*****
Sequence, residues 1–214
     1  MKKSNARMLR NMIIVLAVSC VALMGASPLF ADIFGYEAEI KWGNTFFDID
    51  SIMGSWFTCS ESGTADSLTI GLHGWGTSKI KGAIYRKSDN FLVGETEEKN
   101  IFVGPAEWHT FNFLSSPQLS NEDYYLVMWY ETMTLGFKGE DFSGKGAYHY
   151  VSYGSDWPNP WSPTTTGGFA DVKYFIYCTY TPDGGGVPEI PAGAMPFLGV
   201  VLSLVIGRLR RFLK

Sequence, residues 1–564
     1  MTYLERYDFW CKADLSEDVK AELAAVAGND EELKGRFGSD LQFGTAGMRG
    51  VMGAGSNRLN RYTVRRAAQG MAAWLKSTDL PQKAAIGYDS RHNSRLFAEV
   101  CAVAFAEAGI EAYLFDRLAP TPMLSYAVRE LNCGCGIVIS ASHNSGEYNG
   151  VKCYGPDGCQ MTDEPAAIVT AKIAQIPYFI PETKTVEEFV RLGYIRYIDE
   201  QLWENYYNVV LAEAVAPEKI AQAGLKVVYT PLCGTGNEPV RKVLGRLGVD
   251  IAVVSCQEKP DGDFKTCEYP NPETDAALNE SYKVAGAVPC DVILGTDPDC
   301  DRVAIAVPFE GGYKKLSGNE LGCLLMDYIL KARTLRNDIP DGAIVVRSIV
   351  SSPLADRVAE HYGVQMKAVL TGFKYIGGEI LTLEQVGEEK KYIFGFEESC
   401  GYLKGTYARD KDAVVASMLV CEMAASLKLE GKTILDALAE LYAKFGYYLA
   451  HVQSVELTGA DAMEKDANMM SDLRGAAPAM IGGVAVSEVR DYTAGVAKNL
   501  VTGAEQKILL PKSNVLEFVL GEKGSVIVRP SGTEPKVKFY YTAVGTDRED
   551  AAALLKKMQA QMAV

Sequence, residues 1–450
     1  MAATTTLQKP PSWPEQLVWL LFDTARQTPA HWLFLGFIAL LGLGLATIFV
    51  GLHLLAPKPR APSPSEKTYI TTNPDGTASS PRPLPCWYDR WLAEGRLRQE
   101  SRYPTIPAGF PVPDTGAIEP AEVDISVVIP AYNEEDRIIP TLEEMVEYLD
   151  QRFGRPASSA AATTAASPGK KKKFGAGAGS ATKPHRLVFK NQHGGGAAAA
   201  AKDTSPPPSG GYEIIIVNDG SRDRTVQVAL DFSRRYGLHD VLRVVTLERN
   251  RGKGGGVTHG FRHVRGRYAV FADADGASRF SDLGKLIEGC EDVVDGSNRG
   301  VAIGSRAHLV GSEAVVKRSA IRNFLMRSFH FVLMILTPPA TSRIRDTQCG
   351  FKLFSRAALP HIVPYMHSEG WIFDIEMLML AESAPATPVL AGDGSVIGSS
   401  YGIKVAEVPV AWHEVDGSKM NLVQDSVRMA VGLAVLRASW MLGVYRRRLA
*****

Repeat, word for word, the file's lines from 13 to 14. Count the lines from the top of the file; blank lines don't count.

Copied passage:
   251  IAVVSCQEKP DGDFKTCEYP NPETDAALNE SYKVAGAVPC DVILGTDPDC
   301  DRVAIAVPFE GGYKKLSGNE LGCLLMDYIL KARTLRNDIP DGAIVVRSIV